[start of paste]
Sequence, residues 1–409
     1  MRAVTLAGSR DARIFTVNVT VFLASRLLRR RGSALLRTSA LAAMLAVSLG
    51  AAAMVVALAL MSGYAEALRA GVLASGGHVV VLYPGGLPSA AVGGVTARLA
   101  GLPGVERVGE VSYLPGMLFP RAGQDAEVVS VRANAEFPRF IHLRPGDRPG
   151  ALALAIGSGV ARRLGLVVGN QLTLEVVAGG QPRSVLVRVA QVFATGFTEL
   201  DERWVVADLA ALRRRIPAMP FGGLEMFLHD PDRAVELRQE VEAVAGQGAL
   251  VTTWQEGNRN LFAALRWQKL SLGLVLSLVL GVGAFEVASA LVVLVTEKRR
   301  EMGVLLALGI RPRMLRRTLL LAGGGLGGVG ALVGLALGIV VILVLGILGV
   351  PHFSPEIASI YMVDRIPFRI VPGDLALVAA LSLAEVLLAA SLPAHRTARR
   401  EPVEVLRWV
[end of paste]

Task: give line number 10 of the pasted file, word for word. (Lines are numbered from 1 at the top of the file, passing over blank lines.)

   401  EPVEVLRWV